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What Bacteria Cause SIBO? Methane

By: | Tags: | Comments: 0 | February 9th, 2018

Archaea, such as Methanobrevibacter smithii are not actually bacteria at all, so perhaps methane based SIBO is not actually the right terminology for this type of overgrowth. Archaea are the predominant methane forming organisms in our digestive systems, but once thought to be bacteria, Archaea are actually prokaryotic organisms, that have features which do not resemble typical bacteria at all, so they have been reclassified from Archaebacteria to just Archaea in recent years.

Although these ancient organisms are not the only methane producers in our intestines, with rivals like certain Clostiridium and Bacteroides species, Archaea are the main focus of methane based SIBO treatment, which can be a slippery slop when considering targeted treatments for high methane SIBO.

Unlike hydrogen based SIBO which can often result in issues from mast cell stimulation and histamine overload, or essentially the immune system going crazy and resulting in many of peoples symptoms, methane gas is actually a characterized WHIMS gas with some minor yet important safety implications to humans. In addition to being flammable, like hydrogen, methane gas is an asphyxiant, which in higher concentration can displace oxygen resulting in symptoms of suffocation including headaches, dizziness, weakness, nausea, vomiting and loss of coordination.

Clinically on testing, as methane is detected in breath samples, I have occasionally detected very high levels of methane in exhaled air, which can certainly be implicated in these symptoms. I have also observed this in some patients oxygen status, with measured oximetry lower than expected. Further, I have observed symptoms of air hunger, or a feeling of inability to take a complete breath, as associated with high methane SIBO. Most significantly though, I have found that many high methane producers have no obvious symptoms at all and we simply find the high methane levels on in-office testing or as a result of certain lab test values being off.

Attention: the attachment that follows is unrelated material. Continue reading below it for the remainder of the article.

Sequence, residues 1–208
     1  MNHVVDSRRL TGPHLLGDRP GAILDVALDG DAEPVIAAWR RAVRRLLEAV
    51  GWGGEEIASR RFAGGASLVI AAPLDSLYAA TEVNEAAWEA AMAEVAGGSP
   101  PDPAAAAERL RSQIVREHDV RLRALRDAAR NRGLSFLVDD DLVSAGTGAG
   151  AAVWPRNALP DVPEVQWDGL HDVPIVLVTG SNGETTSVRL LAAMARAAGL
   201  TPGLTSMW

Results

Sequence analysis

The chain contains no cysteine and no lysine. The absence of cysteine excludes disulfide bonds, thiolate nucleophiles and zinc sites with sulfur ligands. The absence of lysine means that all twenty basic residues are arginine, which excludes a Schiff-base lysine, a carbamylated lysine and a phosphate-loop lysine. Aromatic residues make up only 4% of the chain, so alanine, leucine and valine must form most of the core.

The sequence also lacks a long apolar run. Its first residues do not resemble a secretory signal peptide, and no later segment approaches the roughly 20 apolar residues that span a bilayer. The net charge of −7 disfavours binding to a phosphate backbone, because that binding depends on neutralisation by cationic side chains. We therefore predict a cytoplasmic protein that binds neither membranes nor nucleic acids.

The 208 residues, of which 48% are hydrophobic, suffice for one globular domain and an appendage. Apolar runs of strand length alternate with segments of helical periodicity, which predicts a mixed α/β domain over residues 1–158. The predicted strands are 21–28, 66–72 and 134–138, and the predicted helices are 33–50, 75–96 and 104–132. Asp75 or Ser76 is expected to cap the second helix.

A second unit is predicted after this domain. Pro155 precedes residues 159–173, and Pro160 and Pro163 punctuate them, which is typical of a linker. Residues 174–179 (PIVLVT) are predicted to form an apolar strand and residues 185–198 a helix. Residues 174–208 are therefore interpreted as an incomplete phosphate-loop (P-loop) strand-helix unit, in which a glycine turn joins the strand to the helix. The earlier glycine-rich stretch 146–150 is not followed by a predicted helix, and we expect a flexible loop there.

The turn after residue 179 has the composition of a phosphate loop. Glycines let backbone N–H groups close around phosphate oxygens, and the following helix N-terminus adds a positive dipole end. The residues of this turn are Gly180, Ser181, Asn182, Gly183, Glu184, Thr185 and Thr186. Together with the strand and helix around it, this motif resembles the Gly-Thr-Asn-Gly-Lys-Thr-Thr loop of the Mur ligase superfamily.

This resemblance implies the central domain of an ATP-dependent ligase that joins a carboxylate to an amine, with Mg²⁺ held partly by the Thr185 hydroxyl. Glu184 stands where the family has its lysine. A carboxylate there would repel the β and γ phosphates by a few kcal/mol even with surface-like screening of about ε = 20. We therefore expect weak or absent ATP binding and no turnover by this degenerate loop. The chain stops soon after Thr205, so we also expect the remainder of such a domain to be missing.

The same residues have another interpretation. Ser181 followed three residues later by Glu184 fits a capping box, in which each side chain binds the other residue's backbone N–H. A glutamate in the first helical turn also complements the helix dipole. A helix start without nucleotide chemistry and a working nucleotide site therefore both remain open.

Aside from being an asphyxiant, likely one of the largest implications of high methane SIBO is heavy metal toxicity. Methanogen are capable of transforming heavy metals or metalloids into volatile methylated derivatives which are known to be more toxic than the original compounds. For example, if someone has mercury amalgams, this inorganic mercury is not actually overly toxic, however in the presence of a methanogen like M. smithii, the inorganic mercury can be converted to methyl-mercury which can be extremely toxic to humans.

The ecology of the gut microbiata is critical for methane forming bacteria to evolve to a level that can become toxic to humans. This is because Methanogens rely on hydrogen production from specific flora and reduced carbon dioxide to create methane. Essentially methane forming organisms cannot exist in large amounts, specifically in the small intestine, without high levels of hydrogen forming organisms living there first. It is these hydrogen former’s that create the environment for high methanogen growth to exist.

Methane based SIBO seems to be one of the main causes of chronic constipation, however I have certainly observed constipation without the presence of methane production. Although it is unclear how methane results in constipation at present the proposed mechanism is though an effect on intestinal serotonin production that is thought to regulate bowel motility or methane associated damage to nerves that slows motility.

Based on current research the major medical diseases for which methanogens are most likely involved are inflammatory bowel disease (or Crohn’s disease), irritable bowel syndrome (IBS-C), colorectal cancer, diverticulosis, and obesity (PMC3021867). It is possible that this is a result of a negative correlation between fecal butyrate concentration and methanogen abundance as butyrate is the main fuel to help repair the gut mucosal lining (PMC3021867). Butyrate levels, along with methanogens, can be quantified by certain stool tests, which is why it is essential for people with colon cancer to assess gut microbiology as part of there treatment approach.

Methane formation has also been associated with eating disorders, such as anorexia nervosa. In one study, the researchers found found a significantly increased number of M. smithii in anorexia nervosa patients compared to the normal weight persons (PMC3021867).

Other functional motility based gastrointestinal disorders likely also have association with high methane as well. I have personally observed cases of gastroparesis, which is a delay or paralysis of stomach emptying, gastroesophageal reflux disease and biliary reflux disease, all connected to high methane production within the gut.

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